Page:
But we still hear from them because their lives are still teaching us.
Remember that each of you is God’s gift to the world IF you are using God’s gift in you to glorify God in the world. We meet one of those gifts in the Book of Luke that can teach us Dads some valuable lessons.
There are several “one-timers” listed by Luke in the Advent story. Luke was a first-rate historian, researching his subject and talking to eyewitnesses to the events. Some of these one-timers have a few details Luke shared with us:
- Zechariah and Elizabeth—we know their family lineage (priestly), Zechariah’s role in the temple, and the fact that Elizabeth was barren
- Shepherds—we know where they came from (the fields surrounding Bethlehem) and their occupation.
- Anna—we know her tribe (Asher), her father (Phanuel), and role (prophetess), and that she had been married and is now widowed.
But all Luke can say of Simeon is, “There was a man called Simeon…” (Luke 2:25-35).
Although, even that short introduction is packed with meaning.
Simeon in Greek means harkening while Simeon in Hebrew means heard. So he was both one who heard God and one who was heard by God. This speaks to me of an intimacy of relationship. Simeon didn’t view his conversation with God as a monologue but as a dialogue. I think that far too often we view our Bible reading time as God simply speaking to us, and our prayer time as us speaking to God. But both of these activities should be a two-way dialogue.
A.W. Tozer has a great definition of a godly leader that I believe accurately portrays Simeon: “A true and safe leader is likely to be one who has no desire to lead but is forced into a position of leadership by the inward pressure of the Holy Spirit and the press of the external situation.”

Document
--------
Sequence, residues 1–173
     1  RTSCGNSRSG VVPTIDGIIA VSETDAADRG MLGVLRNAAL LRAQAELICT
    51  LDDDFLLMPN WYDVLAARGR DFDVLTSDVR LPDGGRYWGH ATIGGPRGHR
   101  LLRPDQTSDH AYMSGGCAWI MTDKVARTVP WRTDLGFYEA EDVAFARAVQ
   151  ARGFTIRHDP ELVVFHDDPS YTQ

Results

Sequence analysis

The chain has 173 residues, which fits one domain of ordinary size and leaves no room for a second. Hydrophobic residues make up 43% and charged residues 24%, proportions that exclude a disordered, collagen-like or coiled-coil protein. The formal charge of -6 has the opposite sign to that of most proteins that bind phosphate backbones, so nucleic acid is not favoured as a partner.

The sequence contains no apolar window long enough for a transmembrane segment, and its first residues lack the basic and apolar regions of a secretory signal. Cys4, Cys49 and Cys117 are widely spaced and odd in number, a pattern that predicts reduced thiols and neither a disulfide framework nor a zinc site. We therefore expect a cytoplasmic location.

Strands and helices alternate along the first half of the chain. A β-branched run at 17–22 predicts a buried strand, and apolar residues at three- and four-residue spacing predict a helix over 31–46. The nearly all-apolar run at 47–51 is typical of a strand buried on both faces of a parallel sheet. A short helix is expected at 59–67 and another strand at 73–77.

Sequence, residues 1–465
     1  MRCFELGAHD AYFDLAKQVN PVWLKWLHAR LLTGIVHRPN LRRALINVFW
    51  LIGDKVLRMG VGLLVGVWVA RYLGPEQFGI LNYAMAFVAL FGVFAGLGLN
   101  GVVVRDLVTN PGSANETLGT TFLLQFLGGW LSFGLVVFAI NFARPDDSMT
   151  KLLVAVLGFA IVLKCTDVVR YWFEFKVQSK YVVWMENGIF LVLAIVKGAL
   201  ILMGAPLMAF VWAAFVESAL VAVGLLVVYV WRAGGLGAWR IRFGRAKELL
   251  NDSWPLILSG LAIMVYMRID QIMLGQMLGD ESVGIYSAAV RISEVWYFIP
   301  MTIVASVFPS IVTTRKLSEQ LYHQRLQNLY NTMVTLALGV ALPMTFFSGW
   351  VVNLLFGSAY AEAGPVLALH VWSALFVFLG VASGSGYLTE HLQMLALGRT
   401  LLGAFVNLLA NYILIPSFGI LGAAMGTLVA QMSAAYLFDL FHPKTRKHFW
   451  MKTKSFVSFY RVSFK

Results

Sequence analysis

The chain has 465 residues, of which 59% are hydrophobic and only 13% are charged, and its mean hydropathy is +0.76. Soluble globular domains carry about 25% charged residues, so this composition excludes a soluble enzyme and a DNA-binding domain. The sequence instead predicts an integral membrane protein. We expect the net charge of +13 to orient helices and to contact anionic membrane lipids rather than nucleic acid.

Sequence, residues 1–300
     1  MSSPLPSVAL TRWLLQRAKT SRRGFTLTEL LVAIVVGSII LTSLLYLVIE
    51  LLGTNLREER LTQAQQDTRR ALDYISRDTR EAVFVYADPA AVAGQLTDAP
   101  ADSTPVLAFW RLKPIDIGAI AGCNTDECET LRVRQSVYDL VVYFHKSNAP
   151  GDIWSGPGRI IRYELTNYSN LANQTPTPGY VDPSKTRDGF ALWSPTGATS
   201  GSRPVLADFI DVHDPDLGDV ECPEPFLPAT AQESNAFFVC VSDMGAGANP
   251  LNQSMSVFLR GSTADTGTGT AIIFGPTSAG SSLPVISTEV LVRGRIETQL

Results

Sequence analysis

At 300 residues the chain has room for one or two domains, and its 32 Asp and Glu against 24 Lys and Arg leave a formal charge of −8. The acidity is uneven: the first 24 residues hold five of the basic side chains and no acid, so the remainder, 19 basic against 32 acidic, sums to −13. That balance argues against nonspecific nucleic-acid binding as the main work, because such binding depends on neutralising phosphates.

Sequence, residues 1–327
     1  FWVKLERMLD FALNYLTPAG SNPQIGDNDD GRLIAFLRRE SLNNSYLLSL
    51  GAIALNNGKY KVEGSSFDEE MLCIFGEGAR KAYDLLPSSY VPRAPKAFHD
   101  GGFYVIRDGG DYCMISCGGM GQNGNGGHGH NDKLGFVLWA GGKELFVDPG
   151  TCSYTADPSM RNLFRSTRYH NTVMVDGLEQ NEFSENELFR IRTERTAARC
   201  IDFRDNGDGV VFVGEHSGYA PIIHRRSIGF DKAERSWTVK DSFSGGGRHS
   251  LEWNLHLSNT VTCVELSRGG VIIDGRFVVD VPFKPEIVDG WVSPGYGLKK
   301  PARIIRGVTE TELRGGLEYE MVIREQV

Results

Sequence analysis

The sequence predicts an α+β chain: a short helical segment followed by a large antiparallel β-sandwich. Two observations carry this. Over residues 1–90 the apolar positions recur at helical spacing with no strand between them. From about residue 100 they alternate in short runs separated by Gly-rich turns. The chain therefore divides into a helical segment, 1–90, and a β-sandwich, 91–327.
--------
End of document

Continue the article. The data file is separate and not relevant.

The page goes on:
I think this means that a safe, godly leader is one who sees what is happening in a Christ-less culture, who then cries out in pain to God, and then who hears the Holy Spirit telling him how to live a holy life in that Christ-less culture.
We could call this external pressure grief over unrighteousness. Simeon so stood out in his culture that Luke calls him “righteous.” This is one whose way of thinking, feeling, and acting is wholly conformed to the will of God.
He also calls Simeon “devout.” This is a compound Greek word that only Luke uses in the New Testament which means to catch good things and make them your own. Simeon took hold of the things of God, made them his own, and then observed them carefully.
Finally, Luke tells us that Simeon was “waiting for the consolation.” He was living expectantly to see God’s Word come to its fulfillment. He could do all of this because the Holy Spirit was upon him and the Holy Spirit had revealed truth to him.
That phrase “revealed to him by the Holy Spirit” again speaks to the intimate relationship Simeon had with God.
Simeon knew that what God promises, He fulfills. He knew the consolation God had promised through Isaiah (Isaiah 40:1-2), and then Simeon saw its fulfillment in Jesus the Christ—
“Sovereign Lord, as You have promised, You may now dismiss Your servant in peace. For my eyes have seen Your salvation, which You have prepared in the sight of all nations: a light for revelation to the Gentiles, and the glory of Your people Israel.” (Luke 2:29-32)
In today’s darkening, Christ-less culture, godly men like Simeon are needed again.
Dads, do you feel the external pressure of today’s culture? If so, I pray that you will also feel the inward strengthening of the Holy Spirit drawing you into a more intimate relationship with Himself.
God gives His Word to men that will wait expectantly and pray fervently for its fulfillment. God is looking for men—for Dads—that will not cave in to cultural pressure.
Guys, let the Holy Spirit’s inward pressure strengthen you to stand strong. As you see the external downward spiral away from God, don’t collapse, don’t complain, but hear God’s Word and remain a righteous and devout man for your family and your community.
In our series We Are: Pentecostal, we talked much more in-depth about how the Holy Spirit wants to help us. You can check out all of those messages by clicking here.
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